Mineral resources


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Mineral resources

  2. 2. Mineral ResourceMineral Resource is defined as aoccurrence of natural, solid, inorganicor fossilized organic material in or onthe Earth’s crust in such form andquantity and of such a grade or qualitythat it has reasonable prospects foreconomic extraction.
  3. 3. National Mineral Scenario India produces as many as 87 minerals, which includes 4 fuel, 10 metallic, 47 non- metallic, 3 atomic and 23 minor minerals (including building and other materials).• India possesses a large variety of mineral-ores in fairly huge quantities.• India is rich in coal, manganese, iron, chromites and mica. It is deficient in the gold, silver, nickel etc.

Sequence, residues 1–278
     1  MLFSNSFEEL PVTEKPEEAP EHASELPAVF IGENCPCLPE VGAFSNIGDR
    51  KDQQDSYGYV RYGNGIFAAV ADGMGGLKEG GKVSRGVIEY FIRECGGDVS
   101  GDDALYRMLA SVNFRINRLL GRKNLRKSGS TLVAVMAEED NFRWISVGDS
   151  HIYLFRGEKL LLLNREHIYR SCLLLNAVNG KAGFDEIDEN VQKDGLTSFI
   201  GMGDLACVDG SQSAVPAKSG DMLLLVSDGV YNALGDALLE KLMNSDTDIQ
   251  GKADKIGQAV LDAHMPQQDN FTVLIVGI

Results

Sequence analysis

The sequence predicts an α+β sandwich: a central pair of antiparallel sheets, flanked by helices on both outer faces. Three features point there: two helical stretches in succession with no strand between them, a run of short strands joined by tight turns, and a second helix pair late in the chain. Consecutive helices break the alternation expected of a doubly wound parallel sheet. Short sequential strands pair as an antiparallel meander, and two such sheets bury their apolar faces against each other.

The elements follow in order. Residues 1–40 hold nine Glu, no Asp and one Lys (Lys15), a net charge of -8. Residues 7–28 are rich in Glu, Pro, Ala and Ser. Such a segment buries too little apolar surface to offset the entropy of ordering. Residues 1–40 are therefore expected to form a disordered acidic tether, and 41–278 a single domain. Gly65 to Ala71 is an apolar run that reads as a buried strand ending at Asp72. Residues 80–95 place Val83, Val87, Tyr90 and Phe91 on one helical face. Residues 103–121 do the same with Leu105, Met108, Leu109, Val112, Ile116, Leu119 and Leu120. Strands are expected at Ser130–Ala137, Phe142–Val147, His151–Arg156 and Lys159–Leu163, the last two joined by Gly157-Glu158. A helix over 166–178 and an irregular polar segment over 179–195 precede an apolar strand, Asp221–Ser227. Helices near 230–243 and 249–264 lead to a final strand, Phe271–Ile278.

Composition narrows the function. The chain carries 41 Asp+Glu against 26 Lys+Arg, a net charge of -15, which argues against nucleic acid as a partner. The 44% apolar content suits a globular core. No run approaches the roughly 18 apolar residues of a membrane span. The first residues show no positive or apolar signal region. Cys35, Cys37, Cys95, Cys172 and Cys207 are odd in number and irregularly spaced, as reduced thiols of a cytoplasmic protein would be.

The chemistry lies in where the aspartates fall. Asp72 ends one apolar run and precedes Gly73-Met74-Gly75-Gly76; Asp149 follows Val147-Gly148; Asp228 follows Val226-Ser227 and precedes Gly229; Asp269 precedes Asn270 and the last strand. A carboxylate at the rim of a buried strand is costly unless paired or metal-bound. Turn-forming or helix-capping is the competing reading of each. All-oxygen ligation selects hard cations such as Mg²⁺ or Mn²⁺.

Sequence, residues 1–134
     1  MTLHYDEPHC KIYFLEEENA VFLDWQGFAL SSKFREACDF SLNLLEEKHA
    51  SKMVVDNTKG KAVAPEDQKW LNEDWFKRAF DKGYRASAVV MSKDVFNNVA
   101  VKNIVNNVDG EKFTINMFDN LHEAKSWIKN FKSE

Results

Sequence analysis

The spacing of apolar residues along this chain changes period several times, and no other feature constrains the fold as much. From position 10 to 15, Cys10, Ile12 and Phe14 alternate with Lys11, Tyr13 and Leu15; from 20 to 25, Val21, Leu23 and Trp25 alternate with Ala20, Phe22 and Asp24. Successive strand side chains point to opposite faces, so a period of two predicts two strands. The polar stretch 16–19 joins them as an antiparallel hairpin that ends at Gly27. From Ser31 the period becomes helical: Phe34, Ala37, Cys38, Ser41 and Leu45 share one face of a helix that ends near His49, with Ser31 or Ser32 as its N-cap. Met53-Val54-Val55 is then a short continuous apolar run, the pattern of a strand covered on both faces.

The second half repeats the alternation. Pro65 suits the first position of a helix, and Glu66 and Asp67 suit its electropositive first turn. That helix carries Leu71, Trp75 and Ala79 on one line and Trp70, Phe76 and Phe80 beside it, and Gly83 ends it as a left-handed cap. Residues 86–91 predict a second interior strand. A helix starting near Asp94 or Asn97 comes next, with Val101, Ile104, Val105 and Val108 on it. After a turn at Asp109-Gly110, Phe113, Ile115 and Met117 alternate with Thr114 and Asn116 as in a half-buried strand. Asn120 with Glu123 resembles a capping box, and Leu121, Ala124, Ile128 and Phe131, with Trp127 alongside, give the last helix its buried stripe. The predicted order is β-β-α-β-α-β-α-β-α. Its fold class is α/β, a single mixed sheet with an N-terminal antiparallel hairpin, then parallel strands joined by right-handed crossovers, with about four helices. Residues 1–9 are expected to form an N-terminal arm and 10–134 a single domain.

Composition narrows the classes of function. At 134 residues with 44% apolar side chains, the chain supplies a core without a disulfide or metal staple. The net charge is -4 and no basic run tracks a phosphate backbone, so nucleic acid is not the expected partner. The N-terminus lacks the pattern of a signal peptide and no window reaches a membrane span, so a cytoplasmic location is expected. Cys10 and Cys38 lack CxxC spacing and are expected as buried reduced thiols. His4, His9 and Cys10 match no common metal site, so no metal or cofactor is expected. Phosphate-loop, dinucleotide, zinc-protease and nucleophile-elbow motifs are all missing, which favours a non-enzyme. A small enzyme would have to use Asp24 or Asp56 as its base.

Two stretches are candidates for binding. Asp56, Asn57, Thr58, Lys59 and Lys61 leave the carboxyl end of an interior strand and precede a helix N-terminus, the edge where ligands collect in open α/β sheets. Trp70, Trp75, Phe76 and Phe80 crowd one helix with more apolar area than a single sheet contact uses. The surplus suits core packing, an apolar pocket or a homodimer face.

4. 4. Estimated life expiry of minerals depends on two things: 1. the size of the reserve 2. the rate at which we are using it up! Resource                 Est. Life Exp. in Yrs.              Uses       • Coal                                      200-300                       (electricity)• Copper                                  36                                (electric wiring)• Iron                                        62                                (steel prod.)• Lead                                      25                                (batteries)• Natural Gas                         125                              (fuel; heat)• Oil                                          50                                (gasoline)• Silver                                     17                                (electric wiring)• Tin                                          31                               (cans; industry)• Uranium                               ???                              (electricity)